From Churning Butter to Expedition Journal - Blogging

Churning butter...not too exciting, eh?
An email came into my inbox yesterday evening as I slept, excitedly, happily exhausted from the roller-coaster ride of the last week (more on that in another blog post to appear tonight). The question is one I hear time and again from people who read this blog, stumble into my archive of published writing, and is worth responding to.
How [are] you able to focus yourself to be able to write so much? The emails I get on your updates are as regular as it gets. I'm trying my best to blog this year and consider myself a pretty good writer. I could never churn out what you do (at least now I couldn't).
Churning butter, as the image shown right implies, doesn't seem that exciting. Neither is "churning out blog entries," as I imagine some professors who assign students to do while reading my blog. Thank goodness, I'm not churning blog entries out! Rather, I keep an expedition journal.

As I shared with an interview committee, the way I process what I'm learning is to write through the experience, whether that experience be one I have via interactions with other people or with a text (e.g. book, blog, whatever). Into our lives--via myriad sources of social networks, people networks, books--ideas, information are dumped. How we make sense of those, how we connect them to our own experiences, that's up to us, isn't it? provide a lot of useable information and because it is in your blog, I know that when our district is able to afford the tools you are using now, the information about implementation, best tips, pitfalls, etc. is cataloged within your blog so I can go to it to research how best to proceed.  Keep up the good work.
But again, I'm not out to share usable information. . .I'm out to keep a journal of the learning of what's happening--or not--in my life. That it's usable to others, well, that's fantastic!

Until I began a blog, I didn't write every day. I wrote once a month, or once every two months. The focus on learning wasn't as "tight" or integrated into everything I did. What is "learning?" It's a question I often ask because I fear that we've grown to characterize twitter feeds and exposure to new ideas as "learning." Often, one of those ideas washing over one will stick, and require special attention. The more that "washes over you," the more something is likely to stick, rock your world, and make you reflect.
My EverNote Curation Buckets, shown far left

Some of the ways I manage that tidal wave of tweets and terrific info include using tools like's Twitter Search,, for highlighting content for MyNotes, and a robust social network to share anything I bookmark, read, "like" or "share" in GoogleReader. Believe it or not, anything I read online or, write gets shared in some way or's just easier to do that than email, print, and walk stuff to people or archive it for myself.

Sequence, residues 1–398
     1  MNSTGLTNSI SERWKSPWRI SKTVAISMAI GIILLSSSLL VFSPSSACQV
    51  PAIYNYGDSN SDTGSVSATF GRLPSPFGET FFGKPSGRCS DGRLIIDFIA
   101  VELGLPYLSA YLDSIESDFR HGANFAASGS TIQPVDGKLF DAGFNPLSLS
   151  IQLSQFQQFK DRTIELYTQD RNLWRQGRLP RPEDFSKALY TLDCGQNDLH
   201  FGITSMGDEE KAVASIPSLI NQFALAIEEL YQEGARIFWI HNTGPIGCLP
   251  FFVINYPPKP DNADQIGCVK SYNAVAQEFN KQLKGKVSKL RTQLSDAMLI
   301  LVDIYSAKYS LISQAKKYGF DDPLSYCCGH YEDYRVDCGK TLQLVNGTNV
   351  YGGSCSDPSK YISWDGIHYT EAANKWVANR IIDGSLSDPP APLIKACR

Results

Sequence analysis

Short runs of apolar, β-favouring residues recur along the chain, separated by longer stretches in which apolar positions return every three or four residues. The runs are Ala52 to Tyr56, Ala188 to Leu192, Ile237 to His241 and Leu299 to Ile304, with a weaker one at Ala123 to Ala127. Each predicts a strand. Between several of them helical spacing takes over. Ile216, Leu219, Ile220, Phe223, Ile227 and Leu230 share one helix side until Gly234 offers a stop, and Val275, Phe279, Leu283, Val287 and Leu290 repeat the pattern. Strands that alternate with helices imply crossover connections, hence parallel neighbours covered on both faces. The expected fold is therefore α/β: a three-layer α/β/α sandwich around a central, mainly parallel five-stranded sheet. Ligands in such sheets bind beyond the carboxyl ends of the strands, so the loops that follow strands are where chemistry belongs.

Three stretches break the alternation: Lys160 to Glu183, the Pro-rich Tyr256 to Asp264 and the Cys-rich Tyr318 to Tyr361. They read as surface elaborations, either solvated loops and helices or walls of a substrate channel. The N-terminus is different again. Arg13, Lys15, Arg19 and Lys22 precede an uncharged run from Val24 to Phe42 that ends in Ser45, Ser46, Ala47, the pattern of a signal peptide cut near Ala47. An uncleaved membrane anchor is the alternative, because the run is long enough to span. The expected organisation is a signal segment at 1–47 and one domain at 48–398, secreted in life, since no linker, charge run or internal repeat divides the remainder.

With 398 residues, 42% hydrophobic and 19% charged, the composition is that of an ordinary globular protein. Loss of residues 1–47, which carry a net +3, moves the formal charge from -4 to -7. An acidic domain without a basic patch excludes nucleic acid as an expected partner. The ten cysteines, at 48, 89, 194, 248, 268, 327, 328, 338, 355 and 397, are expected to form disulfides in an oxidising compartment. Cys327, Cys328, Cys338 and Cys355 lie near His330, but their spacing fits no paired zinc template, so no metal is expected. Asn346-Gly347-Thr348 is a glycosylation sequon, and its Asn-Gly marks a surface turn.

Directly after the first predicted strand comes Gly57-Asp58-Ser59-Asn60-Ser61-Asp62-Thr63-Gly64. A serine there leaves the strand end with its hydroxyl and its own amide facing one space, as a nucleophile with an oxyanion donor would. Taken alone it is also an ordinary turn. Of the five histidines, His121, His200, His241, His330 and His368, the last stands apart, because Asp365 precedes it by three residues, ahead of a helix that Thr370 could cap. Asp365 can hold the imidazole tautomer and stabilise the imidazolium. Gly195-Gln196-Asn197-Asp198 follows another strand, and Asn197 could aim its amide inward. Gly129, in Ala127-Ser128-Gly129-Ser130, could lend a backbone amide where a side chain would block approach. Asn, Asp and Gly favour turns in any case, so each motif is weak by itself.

My opening screen in GoogleReader...all that gets starred is shared.
Working with young writers, I learned that everything we do is grist for the mill, all we experience in a day can teach us if we only stop to reflect. When I began blogging, the mill started to work more, and the need for more to feed it increased. At some point, I realized that I only blog a fraction, a bare fraction of what I'm learning and experiencing. The secret of blogging is that EVERY experience you have, reflect on, connect to, and share via your neural net...captures people's interest and attention.
The network connects us. The network changes us. - Larry Johnson
THINK about that. What were to happen if you were to blog about 3 experiences in your day? How would that change your focus, help you "suck the marrow" out that experience? If you blogged about your personal life, your interactions with family, I have no doubt your focus on family would be strengthened. If you blog about your professional work, people will beat down your virtual door.

And, then, at some point, the magical happens. You begin to have thoughts and ideas so strikingly un-ordinary that people label them extraordinary. That's not say my ideas are extraordinary (in fact, like everyone else, I think they aren't), but the fact that I share them...appears to be seen that way. In truth, you are a human being loving, eating, sleeping, reflecting, blogging because not to...well, that's not living.

We're all on a journey. Wouldn't it be more exciting to keep a journal of that expedition, reflecting on the experiences that made the day momentous, exciting, and radical? Yes, my blog is less an act of churning butter, more of an adventurer's expedition journal....
Source: Expedition Journal keeping -

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Everything posted on Miguel Guhlin's blogs/wikis are his personal opinion and do not necessarily represent the views of his employer(s) or its clients. Read Full Disclosure


Unknown said…
Sorry for the butter reference...I am from Wisconsin after all.

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